What would occur with the elimination of subsidies would be a crash in land prices and other fixed resources in agriculture—production levels would largely continue but with somewhat of change in the cast of players.

While the key objective of developing country negotiators is the elimination of subsidies, the focus of both US and several other countries’ negotiators has been “market access.” Will the advocates of market access get what they want if the trade negotiations open up market access?

To begin to answer this question we must remember that the US is the residual supplier of storable commodities like corn, soybeans, wheat, and cotton. We get what is left over after our export competitors have cleared their last bushel or bale out of port.

The US exports and year-ending stocks vary widely from year-to-year while our export competitors export whatever they produce that is not needed for their domestic consumption. Their ending stocks are typically driven down to minimal levels. Our stock levels vary, theirs don’t, so much.

Given that, the billions-of-dollars-worth-of-exports question is: even if WTO negotiations resulted in substantial—let’s say complete—access to the agricultural markets of all countries, would the US capture the markets.

Or would our export competitors grab the lion’s share of the export gain with the US filling in gaps? All one has to do is look at soybean exports to China to see that risk in spades. Soybean exports to China have gone up dramatically, but most of the increase in exports to Asia have been captured by Brazil and Argentina.

To the extent that developing countries increase their sales with increased market access, will the level of poverty in those countries be reduced? Or will those with access to capital be stimulated to purchase land of a large number of small land-holders to put together mega-industrial farms run by a small number of people? If that happens on a large scale in a relatively short period of time, what will those who sold their land do for a living when the sale receipts run out, as they inevitably will?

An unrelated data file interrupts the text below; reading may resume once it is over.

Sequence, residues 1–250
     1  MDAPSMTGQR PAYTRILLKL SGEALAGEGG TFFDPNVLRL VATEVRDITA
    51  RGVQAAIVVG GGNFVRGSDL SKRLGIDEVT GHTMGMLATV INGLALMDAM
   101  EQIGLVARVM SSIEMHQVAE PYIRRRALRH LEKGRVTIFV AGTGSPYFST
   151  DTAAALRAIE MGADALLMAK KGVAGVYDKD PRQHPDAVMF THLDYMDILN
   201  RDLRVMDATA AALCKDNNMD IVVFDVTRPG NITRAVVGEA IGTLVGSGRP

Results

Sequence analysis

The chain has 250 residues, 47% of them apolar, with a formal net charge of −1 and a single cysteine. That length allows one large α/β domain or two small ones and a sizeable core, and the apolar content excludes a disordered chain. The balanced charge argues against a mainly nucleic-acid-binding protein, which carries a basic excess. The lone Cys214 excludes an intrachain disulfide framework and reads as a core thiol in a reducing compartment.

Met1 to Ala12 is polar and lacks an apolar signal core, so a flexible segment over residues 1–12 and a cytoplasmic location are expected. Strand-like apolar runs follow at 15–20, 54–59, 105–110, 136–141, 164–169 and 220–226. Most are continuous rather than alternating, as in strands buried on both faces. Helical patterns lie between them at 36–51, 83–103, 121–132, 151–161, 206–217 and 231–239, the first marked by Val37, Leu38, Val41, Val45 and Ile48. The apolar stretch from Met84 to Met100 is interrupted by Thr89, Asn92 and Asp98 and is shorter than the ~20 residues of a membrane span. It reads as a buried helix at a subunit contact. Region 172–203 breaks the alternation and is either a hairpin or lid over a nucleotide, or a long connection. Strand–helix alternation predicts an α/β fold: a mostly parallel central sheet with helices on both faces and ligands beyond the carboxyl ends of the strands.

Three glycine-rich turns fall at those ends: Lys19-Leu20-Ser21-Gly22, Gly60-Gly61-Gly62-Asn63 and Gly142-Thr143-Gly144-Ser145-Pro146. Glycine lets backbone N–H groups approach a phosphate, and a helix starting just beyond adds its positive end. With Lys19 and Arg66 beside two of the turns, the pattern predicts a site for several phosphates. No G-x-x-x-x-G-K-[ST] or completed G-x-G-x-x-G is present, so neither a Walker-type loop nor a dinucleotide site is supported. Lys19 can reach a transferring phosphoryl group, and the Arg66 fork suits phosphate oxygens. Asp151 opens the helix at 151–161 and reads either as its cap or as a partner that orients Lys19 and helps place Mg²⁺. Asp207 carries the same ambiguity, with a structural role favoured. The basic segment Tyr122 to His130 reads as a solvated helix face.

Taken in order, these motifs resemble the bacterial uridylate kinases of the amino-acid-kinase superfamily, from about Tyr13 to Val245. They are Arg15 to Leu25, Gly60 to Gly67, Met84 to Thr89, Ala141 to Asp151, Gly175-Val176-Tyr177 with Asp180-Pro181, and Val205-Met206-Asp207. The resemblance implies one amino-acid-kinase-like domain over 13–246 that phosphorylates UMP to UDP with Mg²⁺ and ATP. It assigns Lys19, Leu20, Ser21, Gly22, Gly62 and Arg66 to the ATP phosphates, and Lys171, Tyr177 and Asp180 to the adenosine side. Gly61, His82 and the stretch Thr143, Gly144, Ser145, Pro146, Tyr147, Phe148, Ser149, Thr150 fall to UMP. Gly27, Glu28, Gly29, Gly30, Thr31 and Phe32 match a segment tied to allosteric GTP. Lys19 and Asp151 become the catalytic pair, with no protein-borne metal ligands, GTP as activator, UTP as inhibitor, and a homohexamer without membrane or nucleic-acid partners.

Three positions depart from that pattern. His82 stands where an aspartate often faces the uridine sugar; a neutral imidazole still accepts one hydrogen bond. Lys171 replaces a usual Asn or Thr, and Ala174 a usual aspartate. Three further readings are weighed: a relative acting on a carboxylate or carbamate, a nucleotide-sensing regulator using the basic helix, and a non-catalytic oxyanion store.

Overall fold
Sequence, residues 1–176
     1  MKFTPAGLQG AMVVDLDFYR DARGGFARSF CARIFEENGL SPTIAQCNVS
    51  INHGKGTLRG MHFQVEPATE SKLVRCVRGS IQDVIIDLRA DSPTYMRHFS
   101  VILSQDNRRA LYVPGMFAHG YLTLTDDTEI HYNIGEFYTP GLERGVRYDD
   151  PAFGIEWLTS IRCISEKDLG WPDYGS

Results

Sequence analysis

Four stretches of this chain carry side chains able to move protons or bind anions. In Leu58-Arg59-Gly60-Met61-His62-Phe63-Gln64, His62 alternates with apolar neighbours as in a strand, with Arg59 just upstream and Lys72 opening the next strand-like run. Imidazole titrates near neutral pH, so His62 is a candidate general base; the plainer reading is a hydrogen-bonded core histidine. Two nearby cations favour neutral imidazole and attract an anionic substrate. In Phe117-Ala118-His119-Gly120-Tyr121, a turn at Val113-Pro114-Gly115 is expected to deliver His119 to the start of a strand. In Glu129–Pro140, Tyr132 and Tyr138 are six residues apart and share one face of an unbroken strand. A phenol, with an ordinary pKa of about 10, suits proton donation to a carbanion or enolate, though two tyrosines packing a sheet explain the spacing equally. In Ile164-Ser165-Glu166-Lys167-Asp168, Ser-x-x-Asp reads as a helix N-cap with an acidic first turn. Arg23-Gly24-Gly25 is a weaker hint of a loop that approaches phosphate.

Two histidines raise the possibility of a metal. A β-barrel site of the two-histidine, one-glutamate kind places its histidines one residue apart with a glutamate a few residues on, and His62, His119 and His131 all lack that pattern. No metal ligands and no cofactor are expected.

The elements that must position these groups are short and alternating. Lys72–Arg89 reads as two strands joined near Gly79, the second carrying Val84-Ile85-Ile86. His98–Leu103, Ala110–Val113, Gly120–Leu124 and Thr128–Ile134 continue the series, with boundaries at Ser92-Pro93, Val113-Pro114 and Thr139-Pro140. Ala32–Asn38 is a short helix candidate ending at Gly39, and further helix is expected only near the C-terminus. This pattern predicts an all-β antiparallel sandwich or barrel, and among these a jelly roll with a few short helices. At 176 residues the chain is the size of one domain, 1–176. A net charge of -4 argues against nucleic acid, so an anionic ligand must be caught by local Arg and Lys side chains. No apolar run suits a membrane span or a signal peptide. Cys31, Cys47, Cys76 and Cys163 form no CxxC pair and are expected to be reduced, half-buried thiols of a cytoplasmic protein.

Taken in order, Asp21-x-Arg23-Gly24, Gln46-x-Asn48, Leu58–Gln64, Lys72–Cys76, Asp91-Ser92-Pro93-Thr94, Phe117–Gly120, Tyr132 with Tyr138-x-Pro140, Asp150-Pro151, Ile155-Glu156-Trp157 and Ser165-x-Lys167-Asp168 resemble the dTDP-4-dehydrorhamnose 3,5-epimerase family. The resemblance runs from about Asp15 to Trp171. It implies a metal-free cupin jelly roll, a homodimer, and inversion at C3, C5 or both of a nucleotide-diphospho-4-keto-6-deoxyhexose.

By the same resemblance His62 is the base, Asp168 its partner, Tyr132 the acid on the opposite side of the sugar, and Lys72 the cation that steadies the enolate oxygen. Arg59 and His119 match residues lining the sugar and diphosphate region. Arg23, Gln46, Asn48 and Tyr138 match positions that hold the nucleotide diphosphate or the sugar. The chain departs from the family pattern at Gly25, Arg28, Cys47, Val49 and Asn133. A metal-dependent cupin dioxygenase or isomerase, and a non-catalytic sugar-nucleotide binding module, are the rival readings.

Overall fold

What about those who have only traditional use rights to the land but no formal title? Will market access help them when their government gives the rights to the land to buyers from another country?

Without addressing these kinds of issues, market access may be detrimental to the very people in developing countries that it is supposed to lift out of poverty.

Nowhere have we seen any evidence that agricultural trade negotiators have made any provision for the need for the world to have an agricultural production capacity that runs well ahead of population growth and demand from other uses.

We believe we need to develop an agricultural production capacity that runs well ahead of demand. We just don’t need to use it all the time.

Agricultural trade negotiators also ignore the needs for physical reserves of storable commodities. Trade theory assumes that if country A runs short of a commodity, they don’t need physical reserves because they can get it from country B, or C, or D. But occasionally a number of countries have production problems in the same crop year. That is when physical reserves are needed. Virtual reserves will not do.

Daryll E. Ray holds the Blasingame Chair of Excellence in Agricultural Policy, Institute of Agriculture, University of Tennessee, and is the Director of UT’s Agricultural Policy Analysis Center (APAC). (865) 974-7407; Fax: (865) 974-7298; dray@utk.edu; http://www.agpolicy.org. Daryll Ray’s column is written with the research and assistance of Harwood D. Schaffer, Research Associate with APAC.

Reproduction Permission Granted with: